World Wheat Outlook Cut on Drought in Europe, U.S., Council Says

World wheat production in the year through June 2012 will be less than forecast a month ago as dry weather in Europe and the U.S. hurts crops, the International Grains Council forecast.

Farmers around the world will reap 667.3 million metric tons of wheat in 2011-12, 4.9 million tons below the April outlook and compared with output of 649.1 million tons in 2010- 11, the London-based council said in an e-mailed report today.

Shrinking stocks of wheat and corn have lifted grain prices in the past 12 months. World food costs were close to a record in April, according to the United Nations’ Food and Agriculture Organization. Rising food costs contributed to protests and riots across north Africa and the Middle East this year that toppled leaders in Egypt and Tunisia.

“The outlook for 2011-12 wheat crops has been affected by unfavorable weather in a number of regions, especially in the EU and U.S.,” the council said.

World grain stocks will slide for a second year in 2011-12 as corn consumption outpaces production and dry weather hurts wheat prospects, according to the council.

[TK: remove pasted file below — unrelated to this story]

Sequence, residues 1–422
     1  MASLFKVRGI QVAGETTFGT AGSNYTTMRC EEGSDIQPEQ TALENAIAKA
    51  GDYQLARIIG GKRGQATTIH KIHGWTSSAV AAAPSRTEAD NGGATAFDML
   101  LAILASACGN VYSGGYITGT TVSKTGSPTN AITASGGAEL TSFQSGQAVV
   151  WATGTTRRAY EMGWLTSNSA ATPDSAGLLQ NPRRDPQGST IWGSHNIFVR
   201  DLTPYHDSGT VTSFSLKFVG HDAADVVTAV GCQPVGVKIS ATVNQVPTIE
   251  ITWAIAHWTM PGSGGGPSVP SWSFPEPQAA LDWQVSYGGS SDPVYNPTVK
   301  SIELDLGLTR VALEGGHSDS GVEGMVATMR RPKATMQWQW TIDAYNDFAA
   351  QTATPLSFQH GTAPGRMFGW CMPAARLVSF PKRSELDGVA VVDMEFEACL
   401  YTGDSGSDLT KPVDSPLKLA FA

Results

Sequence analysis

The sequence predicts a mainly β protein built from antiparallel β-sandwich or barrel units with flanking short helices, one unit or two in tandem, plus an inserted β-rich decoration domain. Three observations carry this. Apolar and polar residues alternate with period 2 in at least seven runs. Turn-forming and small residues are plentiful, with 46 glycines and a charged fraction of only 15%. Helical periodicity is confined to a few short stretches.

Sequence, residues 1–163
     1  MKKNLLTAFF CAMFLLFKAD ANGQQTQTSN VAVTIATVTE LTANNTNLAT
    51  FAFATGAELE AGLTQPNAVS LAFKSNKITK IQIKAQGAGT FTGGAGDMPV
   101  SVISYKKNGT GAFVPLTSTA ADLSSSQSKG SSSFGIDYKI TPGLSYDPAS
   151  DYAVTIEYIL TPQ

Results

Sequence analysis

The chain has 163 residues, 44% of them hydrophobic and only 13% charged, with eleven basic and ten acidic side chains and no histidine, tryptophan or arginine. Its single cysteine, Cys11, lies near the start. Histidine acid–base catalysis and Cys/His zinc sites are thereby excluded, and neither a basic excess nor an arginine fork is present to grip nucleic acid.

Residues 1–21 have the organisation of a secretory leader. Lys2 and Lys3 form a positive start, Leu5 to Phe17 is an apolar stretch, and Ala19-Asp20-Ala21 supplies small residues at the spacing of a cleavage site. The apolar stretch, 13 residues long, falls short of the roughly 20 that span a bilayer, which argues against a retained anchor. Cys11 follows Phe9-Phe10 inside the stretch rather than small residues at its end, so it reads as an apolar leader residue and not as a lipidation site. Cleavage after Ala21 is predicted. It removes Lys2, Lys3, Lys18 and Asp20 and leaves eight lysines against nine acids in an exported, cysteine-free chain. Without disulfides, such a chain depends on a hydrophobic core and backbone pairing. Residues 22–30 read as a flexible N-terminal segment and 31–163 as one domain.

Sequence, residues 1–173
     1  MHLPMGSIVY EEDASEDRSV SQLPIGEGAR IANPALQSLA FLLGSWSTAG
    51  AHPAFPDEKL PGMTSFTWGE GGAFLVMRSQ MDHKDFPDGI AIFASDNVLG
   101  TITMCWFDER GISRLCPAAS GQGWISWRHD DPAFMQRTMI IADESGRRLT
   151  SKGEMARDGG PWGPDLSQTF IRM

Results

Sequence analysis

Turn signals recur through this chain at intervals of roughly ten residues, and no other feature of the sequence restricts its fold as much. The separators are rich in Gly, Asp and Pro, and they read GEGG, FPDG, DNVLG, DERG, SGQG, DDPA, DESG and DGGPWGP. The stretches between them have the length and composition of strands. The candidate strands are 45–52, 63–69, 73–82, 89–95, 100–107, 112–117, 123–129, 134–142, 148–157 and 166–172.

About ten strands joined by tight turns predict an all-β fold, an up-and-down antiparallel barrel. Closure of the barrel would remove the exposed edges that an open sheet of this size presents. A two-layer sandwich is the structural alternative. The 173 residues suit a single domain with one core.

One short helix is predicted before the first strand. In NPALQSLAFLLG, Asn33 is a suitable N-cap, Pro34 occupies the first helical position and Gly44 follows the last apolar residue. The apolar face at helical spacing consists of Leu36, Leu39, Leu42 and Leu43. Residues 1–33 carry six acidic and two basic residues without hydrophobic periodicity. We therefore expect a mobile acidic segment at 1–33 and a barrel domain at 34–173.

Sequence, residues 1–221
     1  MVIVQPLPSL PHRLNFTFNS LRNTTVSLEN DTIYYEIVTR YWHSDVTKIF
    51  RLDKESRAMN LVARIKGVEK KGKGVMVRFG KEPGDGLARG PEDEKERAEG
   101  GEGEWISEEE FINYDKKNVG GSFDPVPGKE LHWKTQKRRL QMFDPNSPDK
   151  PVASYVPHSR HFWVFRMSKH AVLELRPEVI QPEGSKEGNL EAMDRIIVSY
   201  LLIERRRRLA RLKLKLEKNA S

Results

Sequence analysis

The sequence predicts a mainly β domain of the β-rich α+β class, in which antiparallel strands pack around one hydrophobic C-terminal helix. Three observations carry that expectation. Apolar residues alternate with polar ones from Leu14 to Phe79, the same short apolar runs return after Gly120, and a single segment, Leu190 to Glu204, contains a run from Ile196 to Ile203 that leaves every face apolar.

Global grain production will rise 4 percent to 1.803 billion tons in the year through June 2012, 5 million tons less than last month’s outlook. Consumption will advance to 1.812 billion tons, eating into stockpiles, the council estimates.

Wheat prices have jumped 76 percent in Chicago in the past 12 months and climbed 64 percent in Paris while corn more than doubled in U.S. trading.

To contact the reporter on this story: Rudy Ruitenberg in Paris at

To contact the editor responsible for this story: Claudia Carpenter at

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